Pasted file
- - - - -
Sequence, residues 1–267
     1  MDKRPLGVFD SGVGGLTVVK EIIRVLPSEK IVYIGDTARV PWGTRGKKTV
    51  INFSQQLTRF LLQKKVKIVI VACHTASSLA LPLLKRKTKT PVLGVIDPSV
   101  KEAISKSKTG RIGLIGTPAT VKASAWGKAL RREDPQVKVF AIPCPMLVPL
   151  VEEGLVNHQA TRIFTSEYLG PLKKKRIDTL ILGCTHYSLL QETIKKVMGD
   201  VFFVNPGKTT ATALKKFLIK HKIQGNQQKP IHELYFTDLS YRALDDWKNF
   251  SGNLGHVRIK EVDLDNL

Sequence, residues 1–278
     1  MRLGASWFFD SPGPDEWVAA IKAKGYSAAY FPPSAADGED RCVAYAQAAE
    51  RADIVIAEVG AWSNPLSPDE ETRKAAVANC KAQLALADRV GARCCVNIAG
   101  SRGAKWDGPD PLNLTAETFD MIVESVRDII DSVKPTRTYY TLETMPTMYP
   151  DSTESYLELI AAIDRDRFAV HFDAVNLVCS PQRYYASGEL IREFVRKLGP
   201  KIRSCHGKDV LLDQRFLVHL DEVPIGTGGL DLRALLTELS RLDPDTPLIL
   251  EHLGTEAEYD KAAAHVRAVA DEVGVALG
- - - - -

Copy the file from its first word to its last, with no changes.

Sequence, residues 1–267
     1  MDKRPLGVFD SGVGGLTVVK EIIRVLPSEK IVYIGDTARV PWGTRGKKTV
    51  INFSQQLTRF LLQKKVKIVI VACHTASSLA LPLLKRKTKT PVLGVIDPSV
   101  KEAISKSKTG RIGLIGTPAT VKASAWGKAL RREDPQVKVF AIPCPMLVPL
   151  VEEGLVNHQA TRIFTSEYLG PLKKKRIDTL ILGCTHYSLL QETIKKVMGD
   201  VFFVNPGKTT ATALKKFLIK HKIQGNQQKP IHELYFTDLS YRALDDWKNF
   251  SGNLGHVRIK EVDLDNL

Sequence, residues 1–278
     1  MRLGASWFFD SPGPDEWVAA IKAKGYSAAY FPPSAADGED RCVAYAQAAE
    51  RADIVIAEVG AWSNPLSPDE ETRKAAVANC KAQLALADRV GARCCVNIAG
   101  SRGAKWDGPD PLNLTAETFD MIVESVRDII DSVKPTRTYY TLETMPTMYP
   151  DSTESYLELI AAIDRDRFAV HFDAVNLVCS PQRYYASGEL IREFVRKLGP
   201  KIRSCHGKDV LLDQRFLVHL DEVPIGTGGL DLRALLTELS RLDPDTPLIL
   251  EHLGTEAEYD KAAAHVRAVA DEVGVALG